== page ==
At the end of the two-day monetary policy meeting last Thursday, the Federal Reserve held the federal funds rate unchanged at the targeted range of 0-0.25% while keeping monetary policy at status quo as widely expected. The Fed has updated their forward guidance after the recent adoption of Average Inflation Targeting. In the statement, the Fed highlighted that they will allow inflation to run slightly above their 2% target for “some time” so as to achieve an inflation average of 2% gradually. This will allow long-term inflation target to remain steadily at 2%. The Fed also highlighted that it will be appropriate to maintain the federal funds rate at its current target range until the labor market has achieved maximum employment and inflation has been running slightly above 2% for some time.
However, a couple of dovish FOMC members voted against the action. Neel Kashkari prefers the Committee to keep the Federal Funds Rate at its current target range until core inflation reaches 2% at a “sustained basis” rather than for “some time”, expressing a more conservative view; while Robert Kaplan prefers the Committee to “retain greater policy rate flexibility” even after the U.S. economy has overcome the impact of the pandemic and achieved maximum employment and price stability goals, suggesting the possibility of an extended period of low rates.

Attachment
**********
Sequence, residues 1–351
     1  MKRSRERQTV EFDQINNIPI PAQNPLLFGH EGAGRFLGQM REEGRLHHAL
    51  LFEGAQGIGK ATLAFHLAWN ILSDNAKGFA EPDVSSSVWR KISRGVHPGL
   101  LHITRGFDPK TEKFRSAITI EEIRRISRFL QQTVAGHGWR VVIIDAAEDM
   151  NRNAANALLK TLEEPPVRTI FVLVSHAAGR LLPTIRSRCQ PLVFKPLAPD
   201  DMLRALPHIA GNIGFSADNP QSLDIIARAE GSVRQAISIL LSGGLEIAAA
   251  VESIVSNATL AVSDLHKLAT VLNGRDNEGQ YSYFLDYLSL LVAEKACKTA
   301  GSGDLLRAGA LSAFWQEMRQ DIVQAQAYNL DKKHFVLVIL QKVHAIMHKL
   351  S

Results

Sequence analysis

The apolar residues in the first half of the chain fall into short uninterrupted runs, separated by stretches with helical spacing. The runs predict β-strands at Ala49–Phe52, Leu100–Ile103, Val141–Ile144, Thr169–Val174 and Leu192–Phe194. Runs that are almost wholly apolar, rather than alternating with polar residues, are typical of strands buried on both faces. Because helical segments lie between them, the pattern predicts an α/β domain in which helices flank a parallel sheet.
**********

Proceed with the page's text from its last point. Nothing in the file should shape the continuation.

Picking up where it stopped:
The released economic projections displayed a less pessimistic outlook for this year. GDP for 2020 is forecasted to decline at a slower pace as compared to the previous forecast in June while the unemployment rate is forecasted to be lower than its previous forecast. Both PCE inflation and core PCE inflation this year are also forecasted to be higher. However, PCE inflation is forecasted to hit the Fed’s target of 2.0% only in 2023 and unemployment rate is forecasted to return close to its pre-pandemic level during that year. This implies the possibility that the federal funds rate may stay at the current target range through 2023 before the Fed considers any hike. Furthermore, looking at the dot plot, only 1 out of 17 committee members voted for a rate hike in 2022 while only 4 voted for a rate hike in 2023, implying that a majority of the committee members voted for the Federal Funds Rate to stay unchanged at least through 2023.
(This article was originally published on Samtrade Academy on 21 September 2020)
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